The rest of the spare fabric was used to cut the bodice front. You can see above that there was little to work with and I had to place a seam under the arm. The shape looks strange but I will add some pleated detailing using the striped muslin to fill in the centre front neckline.

I shaped the top of centre front panel as above by cutting away  rectangular pieces to create an 'A' shape. This gives a smooth shaping to the front which you see in dresses from this period. I have found that if the centre front panel is too wide without gathering then it tends to wrinkle over the stomach area.

The pieces that were cut off the top will be added to the bottom half of the centre front section to add some extra fullness to the skirt section. 

The cut of the side sections of the skirt left enough spare fabric to make the centre back of the bodice and the shoulder sections (thank goodness!). Usually, I would not have such an angle on the side pieces but I needed to use the full width of the muslin available!

Thank you for your comments. I do really appreciate them! I will post soon with the next stages of construction.

My inspiration for the bodice decoration has come from the example above from the 'Fashioning Fashion' exhibition. However my dress will be a fixed shape with a back fastening rather than a 'bib' front style.

Tuesday, 23 April 2013

Mission Impossible..........An 1813 Regency Dress

I recently bought a length of vintage spotted muslin and I thought it would make a great Regency Dress. However there are only 3.25 meters and the muslin is 72 centimetres wide……….mission impossible???? As the saying goes ‘necessity is the mother of invention’?
Close up of the vintage muslin.
1813 is not my favourite year for Regency fashion but the styles give me an opportunity to do a bit of decoration that will hide the lack of fabric.

 Luckily there is no issue with ‘top and tailing’ the fabric when I cut as there is no ‘nap’. I also did some background research on skirt widths of the period. Nancy Bradfield’s ‘Costume in Detail 1730-1930’ presents some very useful measurements. One dress example from c.1815 measures only 62 inches circumference! However, I was concerned that if the circumference was too small I would be walking in a dainty way.........
Detail Ackermann's Repository of Fashion 1813

I found some fabric remnants which complement the muslin and I might use one to add on to the hem because in 1813 you see a lot of detailing and decoration.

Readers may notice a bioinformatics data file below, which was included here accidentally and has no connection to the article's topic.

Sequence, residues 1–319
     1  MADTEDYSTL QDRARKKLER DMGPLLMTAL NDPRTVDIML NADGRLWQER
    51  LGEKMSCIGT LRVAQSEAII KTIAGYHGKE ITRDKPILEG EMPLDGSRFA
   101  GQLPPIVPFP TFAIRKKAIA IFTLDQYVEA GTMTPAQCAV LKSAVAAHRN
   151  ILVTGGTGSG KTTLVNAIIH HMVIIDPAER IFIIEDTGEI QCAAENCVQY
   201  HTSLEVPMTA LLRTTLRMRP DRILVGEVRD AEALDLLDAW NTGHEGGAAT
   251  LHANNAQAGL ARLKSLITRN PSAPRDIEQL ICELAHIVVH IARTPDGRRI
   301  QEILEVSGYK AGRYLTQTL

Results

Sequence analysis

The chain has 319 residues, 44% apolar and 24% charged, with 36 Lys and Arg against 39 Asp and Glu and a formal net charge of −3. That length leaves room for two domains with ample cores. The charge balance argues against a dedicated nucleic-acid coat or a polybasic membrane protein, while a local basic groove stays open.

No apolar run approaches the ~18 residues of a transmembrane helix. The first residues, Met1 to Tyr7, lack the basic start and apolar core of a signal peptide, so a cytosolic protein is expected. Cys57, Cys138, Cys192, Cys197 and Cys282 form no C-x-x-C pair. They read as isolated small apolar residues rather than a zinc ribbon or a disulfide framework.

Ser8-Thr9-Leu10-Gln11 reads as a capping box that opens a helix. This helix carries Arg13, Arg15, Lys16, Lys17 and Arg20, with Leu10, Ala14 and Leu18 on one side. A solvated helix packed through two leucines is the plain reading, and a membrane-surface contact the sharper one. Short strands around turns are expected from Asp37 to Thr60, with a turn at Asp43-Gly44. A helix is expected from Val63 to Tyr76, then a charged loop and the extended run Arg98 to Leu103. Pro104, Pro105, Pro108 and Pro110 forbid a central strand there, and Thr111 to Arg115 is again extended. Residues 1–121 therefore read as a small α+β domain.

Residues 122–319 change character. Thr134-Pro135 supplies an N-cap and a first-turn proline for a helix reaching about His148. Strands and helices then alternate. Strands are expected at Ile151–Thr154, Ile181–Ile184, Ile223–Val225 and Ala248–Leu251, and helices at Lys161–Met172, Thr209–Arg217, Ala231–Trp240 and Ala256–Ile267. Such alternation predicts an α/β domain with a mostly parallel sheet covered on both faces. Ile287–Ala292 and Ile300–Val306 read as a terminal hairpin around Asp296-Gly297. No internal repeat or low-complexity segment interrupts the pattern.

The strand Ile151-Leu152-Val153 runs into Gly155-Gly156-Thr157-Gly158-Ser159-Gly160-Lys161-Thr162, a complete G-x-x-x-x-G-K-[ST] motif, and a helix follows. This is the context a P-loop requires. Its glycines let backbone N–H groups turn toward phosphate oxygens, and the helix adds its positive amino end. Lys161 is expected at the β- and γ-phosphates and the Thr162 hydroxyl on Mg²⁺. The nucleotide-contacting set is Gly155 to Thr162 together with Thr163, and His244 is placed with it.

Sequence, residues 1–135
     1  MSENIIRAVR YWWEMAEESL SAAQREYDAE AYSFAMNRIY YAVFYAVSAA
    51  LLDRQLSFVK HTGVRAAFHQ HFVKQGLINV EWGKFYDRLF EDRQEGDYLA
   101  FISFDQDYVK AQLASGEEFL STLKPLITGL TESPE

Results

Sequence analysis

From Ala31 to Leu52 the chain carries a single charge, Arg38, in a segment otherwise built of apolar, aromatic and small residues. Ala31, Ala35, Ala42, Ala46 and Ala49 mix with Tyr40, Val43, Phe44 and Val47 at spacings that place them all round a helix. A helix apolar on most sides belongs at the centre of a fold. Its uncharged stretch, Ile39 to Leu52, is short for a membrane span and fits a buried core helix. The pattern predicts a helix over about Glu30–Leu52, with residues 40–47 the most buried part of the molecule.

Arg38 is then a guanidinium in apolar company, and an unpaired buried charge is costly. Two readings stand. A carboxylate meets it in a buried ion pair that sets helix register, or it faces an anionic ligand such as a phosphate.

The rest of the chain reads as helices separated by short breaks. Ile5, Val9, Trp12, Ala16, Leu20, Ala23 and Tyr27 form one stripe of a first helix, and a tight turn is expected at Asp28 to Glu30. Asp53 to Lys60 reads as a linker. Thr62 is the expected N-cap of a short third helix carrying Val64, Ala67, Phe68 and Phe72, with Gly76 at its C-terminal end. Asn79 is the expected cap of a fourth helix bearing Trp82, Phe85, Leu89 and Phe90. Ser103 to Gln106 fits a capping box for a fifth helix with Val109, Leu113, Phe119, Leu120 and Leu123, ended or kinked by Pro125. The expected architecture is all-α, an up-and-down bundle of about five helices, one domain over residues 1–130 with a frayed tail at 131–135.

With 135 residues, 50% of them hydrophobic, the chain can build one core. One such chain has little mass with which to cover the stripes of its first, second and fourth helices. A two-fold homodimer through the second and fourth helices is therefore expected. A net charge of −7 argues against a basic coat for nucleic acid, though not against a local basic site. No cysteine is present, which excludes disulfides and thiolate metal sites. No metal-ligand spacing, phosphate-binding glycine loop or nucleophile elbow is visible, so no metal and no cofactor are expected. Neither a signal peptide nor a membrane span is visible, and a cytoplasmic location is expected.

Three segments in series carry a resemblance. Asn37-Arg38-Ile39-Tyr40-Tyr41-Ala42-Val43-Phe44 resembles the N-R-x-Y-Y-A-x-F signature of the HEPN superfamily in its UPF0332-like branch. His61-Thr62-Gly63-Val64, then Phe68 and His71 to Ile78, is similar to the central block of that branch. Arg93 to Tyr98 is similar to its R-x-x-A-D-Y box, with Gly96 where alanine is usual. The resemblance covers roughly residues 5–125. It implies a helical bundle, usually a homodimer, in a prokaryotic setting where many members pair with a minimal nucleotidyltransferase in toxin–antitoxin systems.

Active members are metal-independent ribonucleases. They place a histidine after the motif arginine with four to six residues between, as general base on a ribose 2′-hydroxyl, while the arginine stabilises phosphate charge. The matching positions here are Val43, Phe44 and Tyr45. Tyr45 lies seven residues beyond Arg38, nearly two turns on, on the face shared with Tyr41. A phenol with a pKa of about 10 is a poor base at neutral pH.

Larger spotted muslin and a striped muslin.

 The fashionable dress length was quite short which also works in my favour.

 For the bodice and sleeves I will really need to be careful as I will only have scraps. I will probably use lace to do insertion decoration. This means I will only need small sections of spotted muslin. I have always admired the design of 'Josephine' from Napoleon and the Empire of Fashion which uses different sections of lace and white work embroidery as part of the bodice. 

I will keep you posted on my progress and hopefully this project will not self-destruct  in 5 seconds...........

Detail of 'Josephine' from Napoleon and the Empire of Fashion.

Vintage piece of lace on tulle to use for insertion detail.

Monday, 11 March 2013

Comparing Empire/Regency Fashion Plates and Thoughts on Proportion.

Greetings to my followers. 2013 has been extremely busy so far! I wanted to write a quick post about fashion plates and working out proportion. I received a set of fashion plates from a friend on my birthday and noticed one had been carefully coloured. I remembered I had seen the plate before on the Internet and wanted to compare it to the one in my collection.

Many people rely on fashion plates as a source for costume research. However they may not be completely reliable when researching garment colours. Below are some identical fashion plates with different colouring. It is difficult to tell whether the different colouring was carried out at the time or later. I am sure though that many ladies would have coloured their plates to decide on possible choices for their wardrobe. Or even to show their mantua maker/seamstress their ideas for a garment.

The same fashion plate in my collection.
Here are another two examples which I found by searching for 'Costume Parisien' on a Google search.

Costume plates are an invaluable resource for research especially in earlier periods where garments are less likely to survive.They usually illustrate the ideal image of fashion but in some cases what not to wear and should be treated with caution. They are only part of the puzzle when trying to build a picture of what was actually worn in the late Georgian, Empire and Regency period. It is important to cross reference the costume plate with other examples and if possible read the description as this will provide lots of information.